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The Scott Pilgrim Vs. The World Star You Didn't Know Played Superman

As time has passed, the ties that bind "Scott Pilgrim vs. the World" to the superhero genre only grow tighter. The majority of its core cast are now connected in some way to the ever-expanding franchises of Marvel and DC. The most famous example of this likely lies in Chris Evans, who played Johnny Storm in the 2005 "Fantastic 4" trilogy long before he became Luca Lee, Ramona's second evil ex.

However, Evans isn't even close to being the only cinematic superhero in "Scott Pilgrim's" cast. Brie Larson may not have been Captain Marvel when "Scott Pilgrim" hit the scene, but her role as Scott's own evil ex-girlfriend, Envy Adams, proved to be one of her earliest notable appearances in mainstream films.

The superhero treatment is not exclusive to supporting characters either, both Scott (played by Michael Cera) and Ramona (Mary Elizabeth Winstead) became involved in their own comic book films. In Cera's case, he played Robin alongside Will Arnett's Batman in "Lego Batman." Meanwhile, Mary Elizabeth Winstead portrayed Huntress in DC's "Birds of Prey." Even still, there is one "Scott Pilgrim" star connected to comic books that perhaps you didn't know about.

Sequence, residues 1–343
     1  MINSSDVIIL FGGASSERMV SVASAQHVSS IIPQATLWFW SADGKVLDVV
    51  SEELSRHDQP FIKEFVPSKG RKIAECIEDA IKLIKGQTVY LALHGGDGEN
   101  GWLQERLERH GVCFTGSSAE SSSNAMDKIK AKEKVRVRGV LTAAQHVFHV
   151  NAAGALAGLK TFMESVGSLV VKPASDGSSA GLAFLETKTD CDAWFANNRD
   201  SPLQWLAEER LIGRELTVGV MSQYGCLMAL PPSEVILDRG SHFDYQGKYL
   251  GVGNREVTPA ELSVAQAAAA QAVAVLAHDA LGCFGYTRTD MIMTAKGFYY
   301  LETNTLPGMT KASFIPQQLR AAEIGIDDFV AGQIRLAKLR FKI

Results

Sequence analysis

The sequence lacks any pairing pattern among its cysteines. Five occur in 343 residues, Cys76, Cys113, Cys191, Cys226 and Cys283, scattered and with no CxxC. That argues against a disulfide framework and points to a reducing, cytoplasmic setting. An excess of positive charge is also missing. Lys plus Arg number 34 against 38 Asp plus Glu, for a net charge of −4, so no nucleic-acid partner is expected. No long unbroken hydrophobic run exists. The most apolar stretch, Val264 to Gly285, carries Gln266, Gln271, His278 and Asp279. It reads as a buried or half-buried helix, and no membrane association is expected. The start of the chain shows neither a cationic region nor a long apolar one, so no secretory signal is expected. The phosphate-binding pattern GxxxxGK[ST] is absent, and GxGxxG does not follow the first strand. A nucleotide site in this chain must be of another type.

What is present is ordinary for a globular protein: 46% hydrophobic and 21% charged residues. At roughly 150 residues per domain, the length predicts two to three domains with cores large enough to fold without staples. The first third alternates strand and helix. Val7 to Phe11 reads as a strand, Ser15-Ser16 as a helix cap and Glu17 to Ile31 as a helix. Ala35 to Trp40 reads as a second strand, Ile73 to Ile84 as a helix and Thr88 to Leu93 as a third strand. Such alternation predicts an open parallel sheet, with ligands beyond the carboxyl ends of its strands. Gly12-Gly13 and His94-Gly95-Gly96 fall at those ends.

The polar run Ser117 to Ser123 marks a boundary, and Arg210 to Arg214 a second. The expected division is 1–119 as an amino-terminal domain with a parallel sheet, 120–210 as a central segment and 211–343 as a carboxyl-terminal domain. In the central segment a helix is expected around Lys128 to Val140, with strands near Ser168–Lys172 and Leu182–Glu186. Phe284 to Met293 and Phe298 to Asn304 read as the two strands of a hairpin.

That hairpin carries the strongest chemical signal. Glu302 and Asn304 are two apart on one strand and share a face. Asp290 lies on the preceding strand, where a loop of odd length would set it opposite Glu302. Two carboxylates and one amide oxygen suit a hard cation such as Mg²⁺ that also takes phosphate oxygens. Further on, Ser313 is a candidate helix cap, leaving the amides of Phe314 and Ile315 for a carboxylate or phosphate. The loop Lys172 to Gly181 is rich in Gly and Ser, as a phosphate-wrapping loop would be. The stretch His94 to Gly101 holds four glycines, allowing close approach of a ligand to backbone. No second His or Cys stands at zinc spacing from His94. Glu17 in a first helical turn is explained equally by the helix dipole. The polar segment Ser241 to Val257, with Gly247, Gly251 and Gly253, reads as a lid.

Not a bird, not a plane, it's Brandon Routh!

Perhaps the most unexpected example of "Scott Pilgrim's" strong connection to comic book films came in 2006's "Superman Returns." Indeed, Chris Evans isn't the only "Scott Pilgrim" alumni to play a comic company's pro-American poster boy. Brandon Routh — who played Evil ex number 4, Todd Ingram — was once one of the most powerful superheroes in comic book history.

At the time of "Superman Returns'" release, Routh was excited and extremely dedicated to the idea of being Superman. "Returns" was technically a sequel to the original series of Superman films starring Christopher Reeve, a classic early entry into the superhero film genre that gave Routh a high bar to meet. Unfortunately, "Superman Returns" wasn't the smashing success many hoped for, despite its strengths.

The film's poor turnout could have spelled an untimely end for this version of Superman. However, Routh was able to reprise his role in the Arrowverse during its multi-episode "Crisis on Infinite Earths" event. Routh's Superman is done away briefly again in this universe, after Lex Luthor kills him with the Book of Destiny. However, the end of the series shows The Spectre returning many alternate Earths to their original status, once more reviving Routh and proving that, no matter what, this Superman will always return.